Future London Academy’s UX and Digital Design Week 2017 took place August 14–18, in London. Throughout the week, we visited a variety of design studios and product companies and learned a lot about the way they work, including their projects, products, processes, management, culture, and all the things that shape them. The lineup for the program was great as always, featuring Moving Brands, Microsoft Lift, Territory, Deliveroo, Moo, Made by Many, NomNom, Monese, Analog Folk, Firedrop, and Andrea Picchi.
In this review, I’ll provide an overview of the conference, describing its
How long is your typical project? Are you working in 6-week agile sprints? Running monthly usability tests? Trying an A/B test for a week? Updating a Twitter stream hourly? The demands of Internet time keep us focused on shorter and shorter time intervals, with experiences measured in days, minutes, or even the first 50 milliseconds of exposure to a Web page, according to a team of researchers at Carleton University in Toronto led by Gitte Lindgaard.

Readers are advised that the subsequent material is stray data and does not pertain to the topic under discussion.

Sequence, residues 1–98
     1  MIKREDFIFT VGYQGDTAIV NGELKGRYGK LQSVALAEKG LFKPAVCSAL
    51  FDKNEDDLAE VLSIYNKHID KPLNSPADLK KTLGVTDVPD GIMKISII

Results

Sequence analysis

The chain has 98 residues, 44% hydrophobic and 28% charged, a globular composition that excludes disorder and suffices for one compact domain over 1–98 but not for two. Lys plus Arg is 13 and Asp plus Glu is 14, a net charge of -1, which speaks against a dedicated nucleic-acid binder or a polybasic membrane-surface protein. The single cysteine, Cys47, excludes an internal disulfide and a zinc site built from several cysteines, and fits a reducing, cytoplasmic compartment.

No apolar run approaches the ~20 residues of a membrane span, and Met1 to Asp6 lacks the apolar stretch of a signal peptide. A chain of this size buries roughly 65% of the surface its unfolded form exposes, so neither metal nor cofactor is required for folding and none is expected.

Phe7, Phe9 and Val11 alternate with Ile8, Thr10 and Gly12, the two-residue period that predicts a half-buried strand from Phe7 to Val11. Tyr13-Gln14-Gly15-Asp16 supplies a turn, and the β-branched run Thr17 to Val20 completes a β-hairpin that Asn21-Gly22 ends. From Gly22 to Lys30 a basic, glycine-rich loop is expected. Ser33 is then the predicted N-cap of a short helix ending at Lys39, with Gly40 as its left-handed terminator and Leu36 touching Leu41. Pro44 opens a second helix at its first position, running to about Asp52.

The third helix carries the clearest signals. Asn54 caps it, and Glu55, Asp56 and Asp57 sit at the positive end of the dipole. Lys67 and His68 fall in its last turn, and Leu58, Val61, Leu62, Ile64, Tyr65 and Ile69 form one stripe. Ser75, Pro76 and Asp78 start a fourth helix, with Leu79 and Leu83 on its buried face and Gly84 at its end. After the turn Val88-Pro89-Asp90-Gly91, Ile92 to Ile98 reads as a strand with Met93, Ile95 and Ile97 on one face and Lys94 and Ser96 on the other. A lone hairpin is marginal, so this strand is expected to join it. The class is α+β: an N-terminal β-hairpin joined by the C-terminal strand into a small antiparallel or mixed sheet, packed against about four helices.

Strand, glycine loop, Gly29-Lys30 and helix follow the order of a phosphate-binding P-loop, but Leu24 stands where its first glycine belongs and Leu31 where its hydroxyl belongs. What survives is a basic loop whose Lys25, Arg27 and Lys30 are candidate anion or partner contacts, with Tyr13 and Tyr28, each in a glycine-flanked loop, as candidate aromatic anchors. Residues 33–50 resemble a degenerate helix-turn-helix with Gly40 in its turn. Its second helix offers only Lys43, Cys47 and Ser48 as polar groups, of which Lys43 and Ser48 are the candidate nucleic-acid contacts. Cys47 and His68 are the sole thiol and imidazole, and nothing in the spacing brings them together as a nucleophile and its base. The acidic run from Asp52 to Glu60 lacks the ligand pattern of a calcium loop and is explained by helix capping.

What happens if you turn that around and think in terms of months, years, or lifetimes? Longitudinal studies look at long-term user experience. Usually, that means over a few months or possibly a few years. But recently, at the European Survey Research Association Conference, I learned about some much longer-term studies that offer some lessons about how to conduct our rather shorter investigations. Read More
Marti Hearst, School of Information, University of California, Berkeley
Preston Smalley and Corey Chandler, eBay User Experience and Design
The CHI 2006 program provided this course summary:
Learn the advantages of and strategies for using faceted metadata for integrating browsing and search of large information collections. Examples are drawn from formal studies and results of real-world applications.
Sometimes first impressions are a great way to gauge the likelihood of a successful experience. This wasn’t one of those times. I was deeply concerned that I’d signed myself up for some esoteric discussion on the proper use of metadata, but pleasantly surprised to find a real-world interface solution for dealing with large information collections—exactly what the summary said this course would cover. Read More